FDA Challenges Tobacco Companies
Agency to Ban Tobacco Products Changed for Worse Since February 2007
New or Changed Tobacco Products Could Be Banned continued...
So what happens to tobacco products if the FDA determines they are not equivalent to grandfathered products?
"The law allows those products not found to be equivalent to be withdrawn from the public market If the changes raise different questions of public health," Deyton said. "The intent is to assure that no new or changed tobacco products are worse for public health than those already on the market on Feb. 15, 2007."
This doesn't mean the new products are healthier than the old products -- although Deyton says tobacco companies are encouraged to make safer products.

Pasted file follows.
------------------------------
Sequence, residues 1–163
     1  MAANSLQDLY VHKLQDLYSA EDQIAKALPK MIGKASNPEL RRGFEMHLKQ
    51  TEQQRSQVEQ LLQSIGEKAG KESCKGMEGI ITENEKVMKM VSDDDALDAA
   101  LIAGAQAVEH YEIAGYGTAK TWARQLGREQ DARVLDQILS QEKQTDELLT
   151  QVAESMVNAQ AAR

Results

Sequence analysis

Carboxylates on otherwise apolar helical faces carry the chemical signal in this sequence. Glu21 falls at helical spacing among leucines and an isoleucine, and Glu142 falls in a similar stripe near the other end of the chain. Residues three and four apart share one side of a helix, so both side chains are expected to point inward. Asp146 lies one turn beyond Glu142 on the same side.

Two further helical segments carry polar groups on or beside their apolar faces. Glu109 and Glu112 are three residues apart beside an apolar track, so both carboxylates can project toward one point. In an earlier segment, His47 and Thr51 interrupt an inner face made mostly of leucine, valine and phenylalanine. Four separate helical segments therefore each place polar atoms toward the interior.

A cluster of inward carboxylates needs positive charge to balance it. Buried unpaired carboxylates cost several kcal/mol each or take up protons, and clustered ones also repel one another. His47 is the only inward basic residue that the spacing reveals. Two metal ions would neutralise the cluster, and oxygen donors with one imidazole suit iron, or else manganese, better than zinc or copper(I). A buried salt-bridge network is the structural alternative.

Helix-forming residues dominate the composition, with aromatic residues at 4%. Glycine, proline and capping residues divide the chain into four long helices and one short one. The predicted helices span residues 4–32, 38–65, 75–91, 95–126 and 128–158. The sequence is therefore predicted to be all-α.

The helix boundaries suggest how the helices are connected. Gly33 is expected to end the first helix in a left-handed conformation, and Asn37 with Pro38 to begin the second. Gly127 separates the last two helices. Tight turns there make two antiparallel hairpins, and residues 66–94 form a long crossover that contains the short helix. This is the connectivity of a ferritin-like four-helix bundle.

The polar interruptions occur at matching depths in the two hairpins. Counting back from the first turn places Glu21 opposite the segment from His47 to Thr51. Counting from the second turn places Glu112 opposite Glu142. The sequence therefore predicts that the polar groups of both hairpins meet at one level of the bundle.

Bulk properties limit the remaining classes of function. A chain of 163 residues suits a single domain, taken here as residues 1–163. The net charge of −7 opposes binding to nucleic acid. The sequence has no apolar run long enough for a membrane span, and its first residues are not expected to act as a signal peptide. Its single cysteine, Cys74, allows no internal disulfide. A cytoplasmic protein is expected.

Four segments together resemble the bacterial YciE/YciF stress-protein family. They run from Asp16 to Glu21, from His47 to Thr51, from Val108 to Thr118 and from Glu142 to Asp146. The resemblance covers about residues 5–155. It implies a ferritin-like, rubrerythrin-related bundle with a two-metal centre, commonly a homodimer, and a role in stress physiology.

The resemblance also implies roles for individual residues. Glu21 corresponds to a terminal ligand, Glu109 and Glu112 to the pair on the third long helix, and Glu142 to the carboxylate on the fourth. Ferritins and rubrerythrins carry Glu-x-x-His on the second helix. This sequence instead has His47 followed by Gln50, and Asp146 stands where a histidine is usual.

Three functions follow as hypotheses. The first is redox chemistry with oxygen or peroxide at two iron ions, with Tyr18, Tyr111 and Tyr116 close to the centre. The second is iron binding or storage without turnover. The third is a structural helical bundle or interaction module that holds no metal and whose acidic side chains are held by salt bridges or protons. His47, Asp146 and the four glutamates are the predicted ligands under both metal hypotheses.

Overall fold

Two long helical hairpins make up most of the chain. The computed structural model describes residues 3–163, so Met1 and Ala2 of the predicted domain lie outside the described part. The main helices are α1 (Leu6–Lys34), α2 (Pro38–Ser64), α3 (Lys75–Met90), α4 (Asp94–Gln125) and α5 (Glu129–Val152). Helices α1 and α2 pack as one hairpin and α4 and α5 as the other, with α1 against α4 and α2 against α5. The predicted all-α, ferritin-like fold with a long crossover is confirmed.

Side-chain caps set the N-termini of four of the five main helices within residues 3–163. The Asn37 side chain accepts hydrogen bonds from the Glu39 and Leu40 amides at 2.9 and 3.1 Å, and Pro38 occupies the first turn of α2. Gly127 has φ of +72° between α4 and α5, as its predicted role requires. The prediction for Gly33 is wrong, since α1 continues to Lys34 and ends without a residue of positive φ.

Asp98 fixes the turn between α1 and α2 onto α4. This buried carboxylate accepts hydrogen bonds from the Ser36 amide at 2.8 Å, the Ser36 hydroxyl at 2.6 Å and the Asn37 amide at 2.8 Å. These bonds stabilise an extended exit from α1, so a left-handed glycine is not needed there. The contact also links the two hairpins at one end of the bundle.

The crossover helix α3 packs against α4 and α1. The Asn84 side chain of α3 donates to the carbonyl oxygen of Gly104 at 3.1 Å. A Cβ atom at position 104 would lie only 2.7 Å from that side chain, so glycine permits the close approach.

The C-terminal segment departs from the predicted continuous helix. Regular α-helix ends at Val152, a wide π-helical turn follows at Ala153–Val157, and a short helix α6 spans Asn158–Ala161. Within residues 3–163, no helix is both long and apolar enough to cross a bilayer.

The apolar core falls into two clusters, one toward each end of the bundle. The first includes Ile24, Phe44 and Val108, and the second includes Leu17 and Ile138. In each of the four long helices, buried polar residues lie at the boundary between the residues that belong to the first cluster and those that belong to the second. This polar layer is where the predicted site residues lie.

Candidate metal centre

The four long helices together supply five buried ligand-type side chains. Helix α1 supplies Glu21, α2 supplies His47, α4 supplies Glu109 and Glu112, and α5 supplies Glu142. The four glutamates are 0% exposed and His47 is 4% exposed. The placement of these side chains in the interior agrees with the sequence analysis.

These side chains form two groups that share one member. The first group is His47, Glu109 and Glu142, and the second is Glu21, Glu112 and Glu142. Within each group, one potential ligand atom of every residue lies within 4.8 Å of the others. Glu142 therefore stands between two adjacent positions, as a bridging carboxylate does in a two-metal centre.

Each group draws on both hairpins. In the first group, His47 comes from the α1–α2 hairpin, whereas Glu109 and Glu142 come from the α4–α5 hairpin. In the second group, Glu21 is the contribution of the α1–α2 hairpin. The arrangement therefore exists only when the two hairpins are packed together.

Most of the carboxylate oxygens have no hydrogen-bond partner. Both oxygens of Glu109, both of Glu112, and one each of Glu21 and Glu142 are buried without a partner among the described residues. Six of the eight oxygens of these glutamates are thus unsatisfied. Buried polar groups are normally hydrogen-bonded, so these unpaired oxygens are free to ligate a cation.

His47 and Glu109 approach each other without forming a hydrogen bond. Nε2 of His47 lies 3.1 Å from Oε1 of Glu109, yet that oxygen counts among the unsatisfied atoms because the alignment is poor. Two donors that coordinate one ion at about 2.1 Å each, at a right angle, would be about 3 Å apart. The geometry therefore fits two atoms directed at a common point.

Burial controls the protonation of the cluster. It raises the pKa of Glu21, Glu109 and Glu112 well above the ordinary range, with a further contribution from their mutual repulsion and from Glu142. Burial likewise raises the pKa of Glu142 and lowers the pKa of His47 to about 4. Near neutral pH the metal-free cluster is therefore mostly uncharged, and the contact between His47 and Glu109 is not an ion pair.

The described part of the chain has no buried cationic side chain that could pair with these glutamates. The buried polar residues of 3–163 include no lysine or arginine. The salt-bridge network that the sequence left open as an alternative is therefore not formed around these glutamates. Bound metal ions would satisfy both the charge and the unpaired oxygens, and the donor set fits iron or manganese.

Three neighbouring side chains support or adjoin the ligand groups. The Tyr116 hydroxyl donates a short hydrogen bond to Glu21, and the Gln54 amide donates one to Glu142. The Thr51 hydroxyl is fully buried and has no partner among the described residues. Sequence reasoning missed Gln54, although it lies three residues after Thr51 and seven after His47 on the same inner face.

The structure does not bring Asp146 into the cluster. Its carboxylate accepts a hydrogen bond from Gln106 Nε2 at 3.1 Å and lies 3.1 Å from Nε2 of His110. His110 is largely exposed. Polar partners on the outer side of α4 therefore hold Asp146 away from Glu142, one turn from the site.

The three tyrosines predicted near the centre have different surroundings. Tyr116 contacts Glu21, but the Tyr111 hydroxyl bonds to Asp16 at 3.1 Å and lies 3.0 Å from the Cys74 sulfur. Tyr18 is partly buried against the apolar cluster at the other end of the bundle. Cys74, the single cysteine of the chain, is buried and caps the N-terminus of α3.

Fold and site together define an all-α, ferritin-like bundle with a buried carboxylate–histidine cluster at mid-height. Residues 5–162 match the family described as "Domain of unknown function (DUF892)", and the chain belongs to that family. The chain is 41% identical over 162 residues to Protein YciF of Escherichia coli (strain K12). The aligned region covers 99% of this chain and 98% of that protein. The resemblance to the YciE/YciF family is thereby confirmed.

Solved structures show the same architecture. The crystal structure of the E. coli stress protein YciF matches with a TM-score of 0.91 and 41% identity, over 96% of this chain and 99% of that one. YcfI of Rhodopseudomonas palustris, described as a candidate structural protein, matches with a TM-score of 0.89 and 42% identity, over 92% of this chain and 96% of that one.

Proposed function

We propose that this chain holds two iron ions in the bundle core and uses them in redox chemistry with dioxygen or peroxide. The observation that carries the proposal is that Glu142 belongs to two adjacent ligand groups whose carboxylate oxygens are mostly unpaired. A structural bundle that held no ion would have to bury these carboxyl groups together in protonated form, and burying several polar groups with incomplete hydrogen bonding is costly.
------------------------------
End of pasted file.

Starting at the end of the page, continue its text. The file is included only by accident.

How many products are affected? According to an FDA analysis of new UPC codes for tobacco products, in 2008 alone there were 233 new tobacco products, including 151 new cigarette products and 43 new chewing-tobacco products.
It's up to tobacco companies to tell the FDA whether a product is new or changed since February 2007.
But after March 22, 2011, any product the FDA considers new or changed will be ruled "adulterated" and banned from the market -- unless the company that makes the product has submitted a premarket application to the FDA, shown that the product is substantially equivalent to older products, or applied for an exemption from the new requirements.
"Congress has given us the tools to bring enforcement actions: possible seizures, injunctions, and other types of enforcement against any violative product that is in U.S. commerce," Ann Simoneau, JD, director of compliance and enforcement for the FDA tobacco center, said at the news conference.